Whilst shopping at the buy-in-bulk store, I perused, as I always do, the clothing section. There are typically some plain-but-serviceable garments, a few interesting frocks, and a handful of genuinely ugly items of apparel. This time, there was a plethora of baby clothes. I don't usually pay attention to baby clothes -- yet these were so cute, with little monsters and alligators and polka-dots and such.
It's been a long time since I've felt that fleeting yearning for an infant.
I know I'm too old now to entertain the thought of a newborn. And entwined in that knowledge is, as always, a molecule of grief for time gone by and doors closed. Alas.
Besides, at this stage in my life my responsibilities preclude caring for babies -- or, for that matter, adding any other creature (be it pet or human) into the population of "those whom I love and to whom I tend". I am maxxed out, as the saying goes.
I would still like to hold a baby for a little while, though.
Many of us spend our whole lives running from feeling with the mistaken belief that you can not bear the pain. But you have already borne the pain. What you have not done is feel all you are beyond that pain. ― Kahlil Gibran
Last weekend, I went with my mother to the grocery store. (We do not often go together, as she lives in the frozen northeast and I live in the desert southwest.) There was Yet Another Winter Storm brewing, so we scurried in and out of the store quickly to retrieve what we needed before the flakes began falling again.
After I loaded the groceries into the trunk, I returned the cart. Since there were no "cart corrals" in the parking lot, I brought the cart all the way back in to the store. (When we had gone in, there were hardly any carts inside, and yet there was a stoic and steady stream of shoppers braving the cold -- so returning the carts to the front of the store seemed necessary.) Along the way I picked up a second cart that was lingering in the parking lot and returned it, too.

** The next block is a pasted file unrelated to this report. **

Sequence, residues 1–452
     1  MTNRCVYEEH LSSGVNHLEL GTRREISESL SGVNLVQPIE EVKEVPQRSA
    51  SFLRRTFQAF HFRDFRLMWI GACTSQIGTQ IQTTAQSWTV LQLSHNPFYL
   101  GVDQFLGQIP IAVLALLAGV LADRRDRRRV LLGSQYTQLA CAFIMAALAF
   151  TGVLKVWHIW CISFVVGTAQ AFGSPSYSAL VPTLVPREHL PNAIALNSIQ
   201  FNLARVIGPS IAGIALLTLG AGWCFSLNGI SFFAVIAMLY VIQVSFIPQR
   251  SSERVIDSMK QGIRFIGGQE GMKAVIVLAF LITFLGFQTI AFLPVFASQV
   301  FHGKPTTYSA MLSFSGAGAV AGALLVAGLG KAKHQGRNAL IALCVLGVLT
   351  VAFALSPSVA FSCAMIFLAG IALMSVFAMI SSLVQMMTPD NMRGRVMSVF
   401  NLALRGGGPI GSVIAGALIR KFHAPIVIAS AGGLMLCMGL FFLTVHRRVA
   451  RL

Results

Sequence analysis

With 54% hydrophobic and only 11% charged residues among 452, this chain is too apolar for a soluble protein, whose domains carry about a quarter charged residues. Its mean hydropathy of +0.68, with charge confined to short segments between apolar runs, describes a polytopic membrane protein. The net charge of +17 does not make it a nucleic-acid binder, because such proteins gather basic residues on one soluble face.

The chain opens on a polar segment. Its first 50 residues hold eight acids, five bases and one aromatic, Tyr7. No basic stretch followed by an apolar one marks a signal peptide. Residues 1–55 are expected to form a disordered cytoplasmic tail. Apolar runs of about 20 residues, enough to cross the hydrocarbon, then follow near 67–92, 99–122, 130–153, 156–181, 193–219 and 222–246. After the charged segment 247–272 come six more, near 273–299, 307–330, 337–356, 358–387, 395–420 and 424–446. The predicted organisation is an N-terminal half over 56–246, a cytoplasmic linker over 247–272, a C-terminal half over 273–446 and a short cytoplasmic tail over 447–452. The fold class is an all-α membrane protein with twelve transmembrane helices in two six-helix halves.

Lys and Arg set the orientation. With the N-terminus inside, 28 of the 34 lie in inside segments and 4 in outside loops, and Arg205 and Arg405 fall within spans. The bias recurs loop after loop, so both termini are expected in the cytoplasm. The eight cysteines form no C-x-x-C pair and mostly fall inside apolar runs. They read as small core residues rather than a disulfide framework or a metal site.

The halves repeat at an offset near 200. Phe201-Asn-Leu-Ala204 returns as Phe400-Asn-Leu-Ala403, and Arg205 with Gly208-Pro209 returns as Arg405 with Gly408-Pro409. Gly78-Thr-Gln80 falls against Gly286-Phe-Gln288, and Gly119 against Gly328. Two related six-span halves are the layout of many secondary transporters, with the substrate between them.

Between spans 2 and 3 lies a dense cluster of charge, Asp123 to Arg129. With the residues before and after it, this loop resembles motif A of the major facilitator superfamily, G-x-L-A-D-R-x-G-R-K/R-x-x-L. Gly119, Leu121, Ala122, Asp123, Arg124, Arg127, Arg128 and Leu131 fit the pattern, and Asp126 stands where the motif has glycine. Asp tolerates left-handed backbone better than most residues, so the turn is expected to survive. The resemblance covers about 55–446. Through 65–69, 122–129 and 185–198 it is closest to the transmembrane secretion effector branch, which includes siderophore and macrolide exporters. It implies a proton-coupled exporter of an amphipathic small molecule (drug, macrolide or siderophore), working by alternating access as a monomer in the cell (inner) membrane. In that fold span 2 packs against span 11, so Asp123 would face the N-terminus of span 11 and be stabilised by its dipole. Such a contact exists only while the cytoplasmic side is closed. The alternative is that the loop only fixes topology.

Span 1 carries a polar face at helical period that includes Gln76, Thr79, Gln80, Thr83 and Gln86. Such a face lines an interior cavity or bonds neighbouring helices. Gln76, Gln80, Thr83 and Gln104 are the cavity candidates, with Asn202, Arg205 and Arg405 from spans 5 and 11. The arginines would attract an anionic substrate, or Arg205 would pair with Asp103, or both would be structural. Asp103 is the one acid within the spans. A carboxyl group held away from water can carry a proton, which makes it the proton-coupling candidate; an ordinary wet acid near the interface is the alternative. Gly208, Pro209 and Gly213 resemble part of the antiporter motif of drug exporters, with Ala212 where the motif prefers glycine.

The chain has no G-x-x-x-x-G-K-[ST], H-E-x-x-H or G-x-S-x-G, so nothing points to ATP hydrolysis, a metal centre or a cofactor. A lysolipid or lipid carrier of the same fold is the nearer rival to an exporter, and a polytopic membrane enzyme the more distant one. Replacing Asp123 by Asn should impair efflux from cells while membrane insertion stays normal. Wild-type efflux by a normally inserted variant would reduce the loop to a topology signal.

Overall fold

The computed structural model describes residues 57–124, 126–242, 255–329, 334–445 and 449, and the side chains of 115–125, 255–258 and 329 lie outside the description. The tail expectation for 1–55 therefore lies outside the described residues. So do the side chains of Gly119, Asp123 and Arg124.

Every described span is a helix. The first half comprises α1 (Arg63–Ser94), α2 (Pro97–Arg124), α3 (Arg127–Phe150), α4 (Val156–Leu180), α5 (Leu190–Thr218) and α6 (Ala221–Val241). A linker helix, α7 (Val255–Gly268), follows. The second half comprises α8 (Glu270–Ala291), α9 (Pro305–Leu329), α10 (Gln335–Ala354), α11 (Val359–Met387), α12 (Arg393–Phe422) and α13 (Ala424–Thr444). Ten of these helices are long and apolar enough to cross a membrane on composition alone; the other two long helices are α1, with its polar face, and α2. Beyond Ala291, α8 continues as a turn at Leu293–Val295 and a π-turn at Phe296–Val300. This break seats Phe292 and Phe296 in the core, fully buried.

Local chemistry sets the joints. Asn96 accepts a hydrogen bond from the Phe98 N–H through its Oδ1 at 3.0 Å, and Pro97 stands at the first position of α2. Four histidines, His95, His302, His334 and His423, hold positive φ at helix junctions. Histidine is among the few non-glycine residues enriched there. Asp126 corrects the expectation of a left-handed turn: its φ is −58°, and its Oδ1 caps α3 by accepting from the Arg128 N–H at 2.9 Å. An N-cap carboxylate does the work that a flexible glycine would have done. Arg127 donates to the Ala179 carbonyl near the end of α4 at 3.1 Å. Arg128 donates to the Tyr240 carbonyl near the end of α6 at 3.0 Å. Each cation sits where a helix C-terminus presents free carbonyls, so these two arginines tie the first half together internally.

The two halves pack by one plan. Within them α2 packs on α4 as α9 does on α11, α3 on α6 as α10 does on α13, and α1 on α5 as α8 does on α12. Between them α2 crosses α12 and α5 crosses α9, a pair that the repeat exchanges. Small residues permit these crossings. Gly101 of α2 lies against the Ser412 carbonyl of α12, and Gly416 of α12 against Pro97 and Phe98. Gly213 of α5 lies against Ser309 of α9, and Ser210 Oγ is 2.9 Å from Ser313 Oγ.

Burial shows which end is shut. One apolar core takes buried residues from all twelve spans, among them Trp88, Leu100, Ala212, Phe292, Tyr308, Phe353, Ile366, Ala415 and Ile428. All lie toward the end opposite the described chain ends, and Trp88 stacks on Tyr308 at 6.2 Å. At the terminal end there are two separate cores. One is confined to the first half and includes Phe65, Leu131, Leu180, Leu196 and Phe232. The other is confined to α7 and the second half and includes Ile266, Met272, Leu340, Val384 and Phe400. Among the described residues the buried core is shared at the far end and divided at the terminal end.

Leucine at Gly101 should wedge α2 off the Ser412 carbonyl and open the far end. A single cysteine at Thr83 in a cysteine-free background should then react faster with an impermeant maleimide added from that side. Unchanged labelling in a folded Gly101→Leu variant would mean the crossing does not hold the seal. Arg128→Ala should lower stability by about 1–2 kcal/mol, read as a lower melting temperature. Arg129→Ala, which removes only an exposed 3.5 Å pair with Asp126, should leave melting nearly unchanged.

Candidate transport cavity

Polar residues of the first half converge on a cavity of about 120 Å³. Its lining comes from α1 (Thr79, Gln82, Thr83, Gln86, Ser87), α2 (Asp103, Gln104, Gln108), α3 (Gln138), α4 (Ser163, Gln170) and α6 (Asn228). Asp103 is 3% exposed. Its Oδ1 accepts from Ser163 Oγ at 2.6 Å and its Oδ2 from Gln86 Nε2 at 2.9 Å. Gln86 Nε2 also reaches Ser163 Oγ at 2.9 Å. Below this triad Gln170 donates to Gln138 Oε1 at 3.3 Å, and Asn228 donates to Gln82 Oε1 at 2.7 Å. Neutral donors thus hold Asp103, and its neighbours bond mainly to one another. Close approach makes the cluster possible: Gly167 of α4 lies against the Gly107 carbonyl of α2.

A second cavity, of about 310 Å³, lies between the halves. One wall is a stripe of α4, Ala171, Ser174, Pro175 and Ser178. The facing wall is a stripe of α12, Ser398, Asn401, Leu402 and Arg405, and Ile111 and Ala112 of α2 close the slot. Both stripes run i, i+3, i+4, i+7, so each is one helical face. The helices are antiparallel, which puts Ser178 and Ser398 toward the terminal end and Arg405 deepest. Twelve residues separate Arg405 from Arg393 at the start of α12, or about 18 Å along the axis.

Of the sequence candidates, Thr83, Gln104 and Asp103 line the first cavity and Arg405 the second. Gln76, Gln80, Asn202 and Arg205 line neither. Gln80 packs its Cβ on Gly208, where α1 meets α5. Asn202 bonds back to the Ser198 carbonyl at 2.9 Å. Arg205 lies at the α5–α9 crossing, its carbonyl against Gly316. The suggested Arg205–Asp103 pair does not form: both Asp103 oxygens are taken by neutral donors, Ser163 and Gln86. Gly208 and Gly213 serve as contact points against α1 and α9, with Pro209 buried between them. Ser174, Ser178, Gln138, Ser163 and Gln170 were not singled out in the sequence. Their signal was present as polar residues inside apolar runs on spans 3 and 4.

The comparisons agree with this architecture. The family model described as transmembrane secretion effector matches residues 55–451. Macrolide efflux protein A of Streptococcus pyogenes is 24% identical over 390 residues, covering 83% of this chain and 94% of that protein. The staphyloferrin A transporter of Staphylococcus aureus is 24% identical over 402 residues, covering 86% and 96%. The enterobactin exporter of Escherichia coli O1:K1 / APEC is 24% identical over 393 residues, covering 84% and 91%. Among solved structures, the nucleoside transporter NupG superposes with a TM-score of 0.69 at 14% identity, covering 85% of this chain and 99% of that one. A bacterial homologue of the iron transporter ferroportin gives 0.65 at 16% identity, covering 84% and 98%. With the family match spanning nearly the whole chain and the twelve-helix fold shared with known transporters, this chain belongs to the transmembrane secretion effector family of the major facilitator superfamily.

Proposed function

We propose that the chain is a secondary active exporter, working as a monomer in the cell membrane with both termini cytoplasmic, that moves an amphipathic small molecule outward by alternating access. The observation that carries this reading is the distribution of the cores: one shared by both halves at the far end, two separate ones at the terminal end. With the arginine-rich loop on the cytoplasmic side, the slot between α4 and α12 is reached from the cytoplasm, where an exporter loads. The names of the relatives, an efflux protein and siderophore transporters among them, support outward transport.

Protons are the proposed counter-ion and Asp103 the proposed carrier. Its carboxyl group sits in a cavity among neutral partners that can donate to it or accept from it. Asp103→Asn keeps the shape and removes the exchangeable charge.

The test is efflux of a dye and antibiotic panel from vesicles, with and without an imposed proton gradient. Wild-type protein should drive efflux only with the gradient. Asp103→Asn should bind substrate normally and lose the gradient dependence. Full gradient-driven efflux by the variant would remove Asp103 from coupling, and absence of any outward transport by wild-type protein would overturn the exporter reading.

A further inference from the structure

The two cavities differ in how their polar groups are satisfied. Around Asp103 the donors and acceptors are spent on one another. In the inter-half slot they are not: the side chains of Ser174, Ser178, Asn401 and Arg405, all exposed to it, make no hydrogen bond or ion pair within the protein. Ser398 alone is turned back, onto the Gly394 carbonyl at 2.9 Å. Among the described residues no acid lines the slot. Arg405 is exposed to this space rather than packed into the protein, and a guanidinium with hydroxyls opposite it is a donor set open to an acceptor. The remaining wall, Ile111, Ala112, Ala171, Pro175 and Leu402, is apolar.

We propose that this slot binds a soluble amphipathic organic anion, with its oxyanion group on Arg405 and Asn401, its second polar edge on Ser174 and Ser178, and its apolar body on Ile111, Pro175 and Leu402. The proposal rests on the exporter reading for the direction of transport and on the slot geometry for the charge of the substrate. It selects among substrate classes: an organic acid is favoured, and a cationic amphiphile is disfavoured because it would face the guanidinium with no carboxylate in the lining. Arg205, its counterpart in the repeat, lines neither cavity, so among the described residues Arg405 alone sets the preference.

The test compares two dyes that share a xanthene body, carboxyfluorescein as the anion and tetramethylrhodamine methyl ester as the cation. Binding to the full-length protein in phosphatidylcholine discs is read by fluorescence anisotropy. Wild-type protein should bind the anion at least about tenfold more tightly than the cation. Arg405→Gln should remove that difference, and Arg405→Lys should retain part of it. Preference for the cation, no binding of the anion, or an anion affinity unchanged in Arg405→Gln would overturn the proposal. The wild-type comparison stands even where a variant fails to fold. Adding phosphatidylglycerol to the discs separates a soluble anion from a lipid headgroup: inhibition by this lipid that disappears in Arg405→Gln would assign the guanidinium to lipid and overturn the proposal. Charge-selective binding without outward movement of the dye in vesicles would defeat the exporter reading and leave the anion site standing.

When I got into the car, my mother said, "You are a lovely person." I replied that it was the least I could do to return the carts all the way inside the store given the weather, and she responded, "No, I meant lovely looking."
Ah. Outside vs. Inside.
Leaving aside a mother's clear bias regarding the attractiveness of her children: what a divergent use of the word "lovely."
My mother uses "lovely" in the traditional sense of physical beauty. Once she explained what she had meant, we discussed skin care regimens, and the delight she feels when people cannot believe her age because she has such pretty, youthful skin. I am pleased for her.
When I think of someone as being "lovely", I think of a radiance of an inner quality. People who are lovely are people whose company one enjoys; who are kind and helpful; who bring a bit of happiness to those around them. This is the lovely I seek to be.
Physical beauty (whatever one may have, or have had) fades. Yet to be lovely from the inside out, will shine, always.
Way back when I first described duck, the neutral party, I mentioned that when I was a wee little girl, I had, in addition to the tiny duck, a wee ceramic pig as well. I assumed that both had been lost to Time. While perusing through Things Stored In The Basement with my father this past weekend, however, we came across some toys from days of yore: AND BEHOLD, THE PIG WAS AMONG THEM.
I am delighted. Ah, pig. I am so happy to see you.
Why do you go away? So that you can come back. So that you can see the place you came from with new eyes and extra colors. And the people there see you differently, too. Coming back to where you started is not the same as never leaving.
I was at the mall the other day, running an errand for Offspring the Third, and I noticed that there were Harry Potter Mystery Keychains for sale. (Think of them like chocolate frogs - you do not know which wizard card you get, until you open the package.)